A Doncaster village has moved closer to fracking taking place in the area, after plans to construct an exploratory well were approved just moments ago.
Nottinghamshire county council has this afternoon granted permission for energy giant IGas to build an exploratory well in Misson Springs in a bid to test the area's water supply, and in doing so, its suitability for the controversial process of fracking for shale gas.
As part of the application, IGas will install groundwater monitoring boreholes in four separate locations.
The deep groundwater monitoring borehole will be drilled using a rotary water well drilling rig with a fully extended height of 5.5m. The process could take up to 12 months to be completed, according to documents that went before the council today.
A spokesman for IGas told the Free Press: “We welcome the decision from Nottinghamshire County Council’s planning and licensing committee to approve the drilling of monitoring boreholes at the Springs Road site.
“Establishing baseline monitoring is key to ensuring that our operations are carried out safely and environmentally responsibly. Data gathered from these boreholes will provide further information relating to the current local surface and groundwater quality and will allow for a full understanding of conditions before, during and after our operations.”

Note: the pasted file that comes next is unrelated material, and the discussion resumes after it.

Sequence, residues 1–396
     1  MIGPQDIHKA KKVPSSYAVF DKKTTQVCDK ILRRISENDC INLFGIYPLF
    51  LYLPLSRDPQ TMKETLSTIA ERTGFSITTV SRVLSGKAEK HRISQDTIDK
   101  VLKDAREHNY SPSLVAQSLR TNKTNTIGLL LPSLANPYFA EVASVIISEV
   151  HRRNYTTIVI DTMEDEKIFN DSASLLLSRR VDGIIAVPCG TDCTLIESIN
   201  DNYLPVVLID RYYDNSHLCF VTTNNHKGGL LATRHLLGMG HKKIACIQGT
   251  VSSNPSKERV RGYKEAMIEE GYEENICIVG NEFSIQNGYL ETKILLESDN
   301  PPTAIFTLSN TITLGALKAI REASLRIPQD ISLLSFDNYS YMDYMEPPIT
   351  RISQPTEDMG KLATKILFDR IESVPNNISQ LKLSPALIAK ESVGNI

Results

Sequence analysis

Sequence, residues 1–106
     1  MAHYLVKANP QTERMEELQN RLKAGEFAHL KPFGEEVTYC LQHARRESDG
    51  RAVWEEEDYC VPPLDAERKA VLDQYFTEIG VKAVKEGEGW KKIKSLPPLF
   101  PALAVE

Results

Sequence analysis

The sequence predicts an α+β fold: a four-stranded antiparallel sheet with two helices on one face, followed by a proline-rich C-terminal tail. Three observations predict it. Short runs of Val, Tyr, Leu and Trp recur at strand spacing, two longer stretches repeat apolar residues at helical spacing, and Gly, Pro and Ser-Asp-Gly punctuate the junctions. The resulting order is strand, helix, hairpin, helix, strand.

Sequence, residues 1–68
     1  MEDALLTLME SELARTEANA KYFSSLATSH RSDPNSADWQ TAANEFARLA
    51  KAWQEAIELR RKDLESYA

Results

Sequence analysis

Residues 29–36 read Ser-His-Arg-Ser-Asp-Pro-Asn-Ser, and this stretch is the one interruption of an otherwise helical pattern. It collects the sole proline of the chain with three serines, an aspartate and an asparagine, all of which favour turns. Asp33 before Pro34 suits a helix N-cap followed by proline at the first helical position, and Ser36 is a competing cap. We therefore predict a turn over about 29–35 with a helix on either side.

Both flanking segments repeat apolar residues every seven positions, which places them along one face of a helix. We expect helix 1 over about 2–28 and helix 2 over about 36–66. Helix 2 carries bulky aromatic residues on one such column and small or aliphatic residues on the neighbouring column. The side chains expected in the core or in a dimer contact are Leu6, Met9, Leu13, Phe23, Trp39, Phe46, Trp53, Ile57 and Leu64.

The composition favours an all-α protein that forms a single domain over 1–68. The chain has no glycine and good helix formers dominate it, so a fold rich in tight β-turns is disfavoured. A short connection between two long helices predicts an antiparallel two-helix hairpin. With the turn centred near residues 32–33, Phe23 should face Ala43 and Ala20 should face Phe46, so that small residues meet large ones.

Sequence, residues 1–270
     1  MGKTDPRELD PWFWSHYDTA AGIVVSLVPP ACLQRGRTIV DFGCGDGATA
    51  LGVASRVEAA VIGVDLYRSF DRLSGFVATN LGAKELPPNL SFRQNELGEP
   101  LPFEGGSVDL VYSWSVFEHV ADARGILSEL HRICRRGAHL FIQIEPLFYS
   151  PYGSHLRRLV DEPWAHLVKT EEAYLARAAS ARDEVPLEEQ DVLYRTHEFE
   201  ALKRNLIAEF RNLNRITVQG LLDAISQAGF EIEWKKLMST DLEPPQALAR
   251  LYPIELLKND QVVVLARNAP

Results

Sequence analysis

The application was opposed by residents' as well as members of the Frack Free South Yorkshire, Frack Free Nottinghamshire and Misson Community Action groups and members of Misson parish council.
Commenting on the group's reason for opposing the plan, Misson Community Action Group member told the Free Press: "Residents do not want to be living in the middle of a gas field in the future.
“A recent survey showed that 82 per cent of the residents of Misson are overwhelmingly against the development.
“Residents are very concerned about the negative impact to their quality of life and environment from the traffic, drilling noise, vibration and lighting.
“If the site eventually develops into full-scale fracking and gas production then there are major concerns regarding the safety of the principal aquifer nearby that provides a large area of the East Midlands with its drinking water.”